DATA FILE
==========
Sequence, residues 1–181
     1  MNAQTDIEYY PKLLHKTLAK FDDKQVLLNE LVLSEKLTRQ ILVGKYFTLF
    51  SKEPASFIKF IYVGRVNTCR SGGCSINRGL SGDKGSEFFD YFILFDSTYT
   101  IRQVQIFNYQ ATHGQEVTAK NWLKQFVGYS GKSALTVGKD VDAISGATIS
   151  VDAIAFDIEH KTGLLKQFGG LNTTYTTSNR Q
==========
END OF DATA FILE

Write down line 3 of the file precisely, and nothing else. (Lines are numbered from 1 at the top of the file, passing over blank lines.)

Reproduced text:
    51  SKEPASFIKF IYVGRVNTCR SGGCSINRGL SGDKGSEFFD YFILFDSTYT